In July, the Davis City Council did the right thing by separating the issue of the potential tax measure from the question about the need and location of a potential sports park. The council at that time decided to direct a Sports Complex Task Force to consider some critical issues.
From our perspective, it made sense to separate the issues. The issue of infrastructure needs for the city, particularly roads and bike paths, but also existing parks and city buildings, is clearly where the city needs to put its energy. Any effort to add “nice to haves” to the necessities has the potential to discredit the city’s efforts to fund necessities.
However, if we are going to have a Sports Complex Task Force, it needs to be a fair process that asks a series of critical questions. It is here that we find the proposal from city staff to be, at best, lacking and, at worst, stacking the deck in favor of one defined action.
We start this critique with a look at the proposed task force. Right now staff recommends an 11-member task force, with 10 voting members and an ex-officio from the school district.
These include: three members from the sports user groups, two parents or citizens at large, one member from each of three commissions (parks, open space, and finance), and two members from visitor attraction.
Given that make up, we have the potential for a committee comprised of eight members who are in favor of the sports complex and only two likely to oppose it. That, of course, depends on who the two parents/citizens are. The member from the parks commission (disclosure, my wife is a member of that commission) could go either way.
The bottom line is, we have a structural make up that is likely to create a body overwhelmingly in favor of a sports complex.
Then we get to the stated purpose – which does not include the existential question of whether we need a sports complex at all.
The purpose of the Sports Complex Task Force is to advise the city council on the following:
- Define needs for sports complex (with no assumption that one single facility or a dispersed facility is necessarily the right approach).
- Explore desirable locational characteristics of a facility or facilities.
- Explore and identify potential candidate sites or general geographic areas of interest.
- Explore and make recommendations on amounts and funding options/mechanisms for capital and maintenance.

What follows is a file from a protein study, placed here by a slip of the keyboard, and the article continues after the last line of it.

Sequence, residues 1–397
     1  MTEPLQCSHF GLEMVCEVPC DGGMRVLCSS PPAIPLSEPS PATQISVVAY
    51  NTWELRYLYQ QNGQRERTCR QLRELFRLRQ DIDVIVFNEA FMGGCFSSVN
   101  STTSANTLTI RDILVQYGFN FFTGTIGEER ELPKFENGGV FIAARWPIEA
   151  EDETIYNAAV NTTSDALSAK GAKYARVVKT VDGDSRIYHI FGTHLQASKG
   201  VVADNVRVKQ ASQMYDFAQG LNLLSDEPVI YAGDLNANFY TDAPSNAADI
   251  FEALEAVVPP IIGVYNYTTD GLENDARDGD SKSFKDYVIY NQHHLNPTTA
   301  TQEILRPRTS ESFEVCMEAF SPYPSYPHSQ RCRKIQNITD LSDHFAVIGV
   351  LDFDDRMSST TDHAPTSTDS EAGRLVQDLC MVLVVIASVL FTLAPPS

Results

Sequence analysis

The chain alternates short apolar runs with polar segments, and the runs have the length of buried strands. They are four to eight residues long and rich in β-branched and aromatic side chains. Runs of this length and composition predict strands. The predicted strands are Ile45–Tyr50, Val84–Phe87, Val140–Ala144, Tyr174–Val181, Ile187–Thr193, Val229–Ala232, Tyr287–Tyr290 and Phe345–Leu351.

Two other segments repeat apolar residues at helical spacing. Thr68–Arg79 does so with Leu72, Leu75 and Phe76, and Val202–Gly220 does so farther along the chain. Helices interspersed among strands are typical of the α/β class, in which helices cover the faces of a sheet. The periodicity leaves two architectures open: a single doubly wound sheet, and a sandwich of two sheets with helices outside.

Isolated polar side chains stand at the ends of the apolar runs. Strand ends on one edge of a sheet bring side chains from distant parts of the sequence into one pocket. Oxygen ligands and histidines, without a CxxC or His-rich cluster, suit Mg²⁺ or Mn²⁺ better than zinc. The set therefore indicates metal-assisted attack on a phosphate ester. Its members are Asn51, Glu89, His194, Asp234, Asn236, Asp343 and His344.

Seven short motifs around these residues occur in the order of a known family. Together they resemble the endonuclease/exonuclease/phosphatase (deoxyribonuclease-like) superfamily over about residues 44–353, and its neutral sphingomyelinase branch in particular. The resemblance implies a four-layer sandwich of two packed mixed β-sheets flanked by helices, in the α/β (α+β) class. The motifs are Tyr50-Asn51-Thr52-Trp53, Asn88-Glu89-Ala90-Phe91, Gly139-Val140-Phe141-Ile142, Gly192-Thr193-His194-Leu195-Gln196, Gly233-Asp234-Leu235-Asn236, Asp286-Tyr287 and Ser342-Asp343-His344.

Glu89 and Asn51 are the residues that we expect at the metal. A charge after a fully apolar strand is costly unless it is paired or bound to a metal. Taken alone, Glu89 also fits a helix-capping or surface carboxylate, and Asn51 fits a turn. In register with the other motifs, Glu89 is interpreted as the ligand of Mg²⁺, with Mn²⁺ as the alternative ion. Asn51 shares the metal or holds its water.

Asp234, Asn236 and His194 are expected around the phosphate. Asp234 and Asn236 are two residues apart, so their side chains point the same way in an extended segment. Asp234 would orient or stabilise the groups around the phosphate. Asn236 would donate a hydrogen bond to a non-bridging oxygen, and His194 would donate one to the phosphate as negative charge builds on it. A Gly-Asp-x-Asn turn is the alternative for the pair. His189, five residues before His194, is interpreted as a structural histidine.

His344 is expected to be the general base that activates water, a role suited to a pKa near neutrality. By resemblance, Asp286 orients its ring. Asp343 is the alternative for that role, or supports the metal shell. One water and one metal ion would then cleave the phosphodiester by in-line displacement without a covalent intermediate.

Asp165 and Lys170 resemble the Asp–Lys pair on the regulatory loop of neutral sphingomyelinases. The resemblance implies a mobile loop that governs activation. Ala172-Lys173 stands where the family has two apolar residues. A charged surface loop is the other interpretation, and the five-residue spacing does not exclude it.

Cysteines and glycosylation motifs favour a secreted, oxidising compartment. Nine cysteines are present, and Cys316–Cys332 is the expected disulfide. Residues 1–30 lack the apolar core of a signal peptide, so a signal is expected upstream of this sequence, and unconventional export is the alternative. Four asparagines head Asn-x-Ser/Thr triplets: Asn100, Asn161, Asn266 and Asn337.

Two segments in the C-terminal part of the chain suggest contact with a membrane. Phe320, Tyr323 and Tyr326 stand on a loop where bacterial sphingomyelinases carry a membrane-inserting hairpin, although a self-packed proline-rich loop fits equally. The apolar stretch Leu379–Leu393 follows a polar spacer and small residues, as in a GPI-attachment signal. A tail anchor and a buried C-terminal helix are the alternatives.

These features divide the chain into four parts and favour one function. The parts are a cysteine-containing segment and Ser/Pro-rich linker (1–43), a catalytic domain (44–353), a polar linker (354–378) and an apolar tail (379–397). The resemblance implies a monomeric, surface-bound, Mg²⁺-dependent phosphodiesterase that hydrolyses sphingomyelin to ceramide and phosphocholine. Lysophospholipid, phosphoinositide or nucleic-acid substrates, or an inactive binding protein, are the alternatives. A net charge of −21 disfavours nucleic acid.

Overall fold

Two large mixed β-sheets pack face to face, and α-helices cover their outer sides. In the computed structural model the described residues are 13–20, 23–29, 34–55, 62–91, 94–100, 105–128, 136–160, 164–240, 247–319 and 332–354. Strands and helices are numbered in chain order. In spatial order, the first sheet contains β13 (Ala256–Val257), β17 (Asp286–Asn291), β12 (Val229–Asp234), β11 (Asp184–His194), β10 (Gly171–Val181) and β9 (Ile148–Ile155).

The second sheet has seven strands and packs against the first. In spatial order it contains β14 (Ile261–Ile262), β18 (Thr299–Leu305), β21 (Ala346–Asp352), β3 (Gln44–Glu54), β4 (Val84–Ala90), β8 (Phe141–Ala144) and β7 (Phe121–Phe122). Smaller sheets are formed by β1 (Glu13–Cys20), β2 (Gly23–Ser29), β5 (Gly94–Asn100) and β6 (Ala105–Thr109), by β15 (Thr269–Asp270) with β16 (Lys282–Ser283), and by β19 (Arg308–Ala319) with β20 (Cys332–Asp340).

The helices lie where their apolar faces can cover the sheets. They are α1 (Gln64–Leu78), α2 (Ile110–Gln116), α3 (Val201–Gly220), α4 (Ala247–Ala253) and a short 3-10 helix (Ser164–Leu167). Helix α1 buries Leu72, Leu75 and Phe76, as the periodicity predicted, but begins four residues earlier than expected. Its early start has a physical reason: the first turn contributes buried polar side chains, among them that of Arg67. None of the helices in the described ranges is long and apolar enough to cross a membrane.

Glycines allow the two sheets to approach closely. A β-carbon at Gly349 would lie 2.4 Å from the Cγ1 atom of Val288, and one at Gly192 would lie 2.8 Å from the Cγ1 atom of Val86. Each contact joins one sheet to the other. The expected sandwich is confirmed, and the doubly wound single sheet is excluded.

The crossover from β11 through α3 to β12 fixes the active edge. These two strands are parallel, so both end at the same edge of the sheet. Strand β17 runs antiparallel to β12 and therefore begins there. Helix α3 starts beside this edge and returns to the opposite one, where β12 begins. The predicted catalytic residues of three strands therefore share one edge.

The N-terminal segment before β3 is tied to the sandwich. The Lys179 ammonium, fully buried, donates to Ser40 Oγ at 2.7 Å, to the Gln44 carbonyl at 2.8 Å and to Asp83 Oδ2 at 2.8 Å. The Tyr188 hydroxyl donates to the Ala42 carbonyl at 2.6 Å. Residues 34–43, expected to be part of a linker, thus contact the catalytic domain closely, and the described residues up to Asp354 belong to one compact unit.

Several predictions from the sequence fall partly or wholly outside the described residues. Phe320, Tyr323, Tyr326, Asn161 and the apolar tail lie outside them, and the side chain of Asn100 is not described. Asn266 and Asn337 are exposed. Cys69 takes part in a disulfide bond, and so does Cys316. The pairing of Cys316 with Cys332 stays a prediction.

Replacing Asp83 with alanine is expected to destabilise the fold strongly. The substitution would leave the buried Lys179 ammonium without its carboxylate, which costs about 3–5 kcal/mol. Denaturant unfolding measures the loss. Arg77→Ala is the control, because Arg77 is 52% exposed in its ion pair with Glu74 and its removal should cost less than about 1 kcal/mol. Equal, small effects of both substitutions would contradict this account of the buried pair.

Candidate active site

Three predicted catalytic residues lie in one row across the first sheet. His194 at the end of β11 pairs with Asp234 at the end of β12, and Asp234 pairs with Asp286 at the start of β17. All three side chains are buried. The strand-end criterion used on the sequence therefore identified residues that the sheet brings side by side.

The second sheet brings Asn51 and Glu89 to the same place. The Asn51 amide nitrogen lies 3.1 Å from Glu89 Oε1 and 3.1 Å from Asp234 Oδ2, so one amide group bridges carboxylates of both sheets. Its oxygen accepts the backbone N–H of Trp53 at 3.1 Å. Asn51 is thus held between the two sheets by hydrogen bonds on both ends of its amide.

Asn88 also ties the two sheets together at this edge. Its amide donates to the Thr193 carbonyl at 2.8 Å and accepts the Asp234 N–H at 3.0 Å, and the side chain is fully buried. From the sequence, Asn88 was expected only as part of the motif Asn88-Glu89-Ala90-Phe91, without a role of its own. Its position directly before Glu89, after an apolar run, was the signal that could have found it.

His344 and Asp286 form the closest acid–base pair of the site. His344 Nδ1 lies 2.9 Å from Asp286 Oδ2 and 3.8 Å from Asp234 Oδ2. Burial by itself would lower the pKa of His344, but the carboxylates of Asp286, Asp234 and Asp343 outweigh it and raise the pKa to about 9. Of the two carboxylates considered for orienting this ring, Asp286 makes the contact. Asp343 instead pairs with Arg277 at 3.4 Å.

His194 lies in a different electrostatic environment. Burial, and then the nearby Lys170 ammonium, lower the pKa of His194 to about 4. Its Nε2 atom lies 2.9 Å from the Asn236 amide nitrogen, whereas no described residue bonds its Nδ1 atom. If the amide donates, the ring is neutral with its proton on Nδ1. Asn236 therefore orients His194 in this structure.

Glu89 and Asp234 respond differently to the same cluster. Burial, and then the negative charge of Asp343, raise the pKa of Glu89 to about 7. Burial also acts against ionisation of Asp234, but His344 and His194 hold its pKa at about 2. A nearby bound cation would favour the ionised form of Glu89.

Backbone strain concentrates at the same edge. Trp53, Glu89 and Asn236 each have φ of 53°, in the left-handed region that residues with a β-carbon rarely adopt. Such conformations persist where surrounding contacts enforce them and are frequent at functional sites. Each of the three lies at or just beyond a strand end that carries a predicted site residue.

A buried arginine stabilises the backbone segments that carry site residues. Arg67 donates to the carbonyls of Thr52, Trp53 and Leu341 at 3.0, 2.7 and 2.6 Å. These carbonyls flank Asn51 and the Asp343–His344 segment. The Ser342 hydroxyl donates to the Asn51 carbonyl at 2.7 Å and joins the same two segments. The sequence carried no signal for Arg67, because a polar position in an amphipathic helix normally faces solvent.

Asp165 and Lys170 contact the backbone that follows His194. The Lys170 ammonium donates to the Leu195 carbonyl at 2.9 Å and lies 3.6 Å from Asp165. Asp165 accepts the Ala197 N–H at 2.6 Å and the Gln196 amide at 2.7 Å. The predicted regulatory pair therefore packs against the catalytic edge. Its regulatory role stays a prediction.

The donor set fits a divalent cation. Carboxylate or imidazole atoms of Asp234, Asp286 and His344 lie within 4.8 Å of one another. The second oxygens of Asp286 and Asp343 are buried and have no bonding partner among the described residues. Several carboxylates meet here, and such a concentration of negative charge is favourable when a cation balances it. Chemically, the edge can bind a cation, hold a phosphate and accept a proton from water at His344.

- Make recommendations to the City Council on next steps of implementation of recommendations (e.g. solicit proposals, additional analysis needed, etc.).
The first point might get at the underlying question, if they added “with no assumption that we need a sports complex, or that one single facility or a dispersed facility is necessarily the right approach.”
One councilmember told me yesterday in no uncertain terms that we need a sports complex, period. I am not necessarily opposed to the idea that we may need additional sports facilities in this community.
However, there are a lot of questions about amounts and funding options. My first question is should this be publicly funded at all? I understand that we have community-wide benefits, but this is an era where, at best, the city is on the edge of staying in the black fiscally.
We have huge unfunded liabilities. We have hundreds of millions in deferred maintenance. We have crumbling roads. We have parks badly in need of repair. We have greenbelts that need maintenance. We have a network of bike paths crumbling. We have city buildings in need of maintenance.
And our general fund is teetering on the brink, even after we passed a half cent sales tax.
There is likely to be exactly one person on the task force that can speak to those fiscal challenges.
If we build it, will the sports complex groups be able to fund ongoing operations? They say they can, but I have spoken to people in the community skeptical of those claims, because what happens is that the people involved in those sports groups come and go as their kids enter and exit the programs.
So what happens if we build it with the understanding that it be privately maintained and, in ten or twenty years, the maintenance falls by the wayside?
If you don’t have people on the task force taking a skeptical and oppositional view, these types of tough questions can be glossed over.
Then there is the issue of open space. Again, we have one person on the task force speaking to that issue – which is an absolutely critical issue to huge swaths of the community. The question about a single facility versus a dispersed model will be critical, but a single voice to side with the open space concerns seems inadequate.
In short, I urge the council to make this a fair process. Structure a more balanced approach here with more people who can speak to fiscal, management and open space concerns. Make the first question be whether we need this and, second, how it would be funded, both in the construction as well as the maintenance.
If we do that, at least this process won’t appear to be rigged from the start.
—David M. Greenwald reporting